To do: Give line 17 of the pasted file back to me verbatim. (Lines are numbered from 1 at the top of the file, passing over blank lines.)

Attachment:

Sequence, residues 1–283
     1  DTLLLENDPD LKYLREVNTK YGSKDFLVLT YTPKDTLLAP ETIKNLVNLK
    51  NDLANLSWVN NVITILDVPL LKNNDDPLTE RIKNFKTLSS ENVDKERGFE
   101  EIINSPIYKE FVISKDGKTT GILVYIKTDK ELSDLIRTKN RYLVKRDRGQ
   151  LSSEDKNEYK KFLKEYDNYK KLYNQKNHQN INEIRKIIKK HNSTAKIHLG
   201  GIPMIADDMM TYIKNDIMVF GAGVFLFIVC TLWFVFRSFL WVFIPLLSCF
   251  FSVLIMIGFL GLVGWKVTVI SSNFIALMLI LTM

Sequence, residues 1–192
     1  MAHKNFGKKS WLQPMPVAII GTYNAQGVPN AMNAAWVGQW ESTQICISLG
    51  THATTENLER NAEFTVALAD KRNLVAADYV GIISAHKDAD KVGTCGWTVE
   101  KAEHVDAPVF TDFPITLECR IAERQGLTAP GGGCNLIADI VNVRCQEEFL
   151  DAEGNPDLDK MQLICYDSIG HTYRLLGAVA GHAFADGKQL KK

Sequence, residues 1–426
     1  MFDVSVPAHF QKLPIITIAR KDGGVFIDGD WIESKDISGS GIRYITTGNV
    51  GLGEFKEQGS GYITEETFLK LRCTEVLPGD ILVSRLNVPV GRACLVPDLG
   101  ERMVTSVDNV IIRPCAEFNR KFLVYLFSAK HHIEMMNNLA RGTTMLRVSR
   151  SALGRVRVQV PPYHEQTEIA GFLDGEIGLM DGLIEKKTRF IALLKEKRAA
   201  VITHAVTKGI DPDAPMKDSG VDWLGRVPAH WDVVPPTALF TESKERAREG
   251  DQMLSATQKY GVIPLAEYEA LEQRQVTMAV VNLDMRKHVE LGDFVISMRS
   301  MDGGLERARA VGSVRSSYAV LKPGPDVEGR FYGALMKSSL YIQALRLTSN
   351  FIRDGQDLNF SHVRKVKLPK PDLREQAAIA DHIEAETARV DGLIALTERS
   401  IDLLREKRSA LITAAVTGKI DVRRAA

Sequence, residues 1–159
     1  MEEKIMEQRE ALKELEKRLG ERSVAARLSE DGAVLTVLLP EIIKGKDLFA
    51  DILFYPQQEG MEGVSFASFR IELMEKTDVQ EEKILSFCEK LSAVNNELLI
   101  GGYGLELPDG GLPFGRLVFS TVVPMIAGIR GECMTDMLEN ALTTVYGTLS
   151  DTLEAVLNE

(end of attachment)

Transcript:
   151  SALGRVRVQV PPYHEQTEIA GFLDGEIGLM DGLIEKKTRF IALLKEKRAA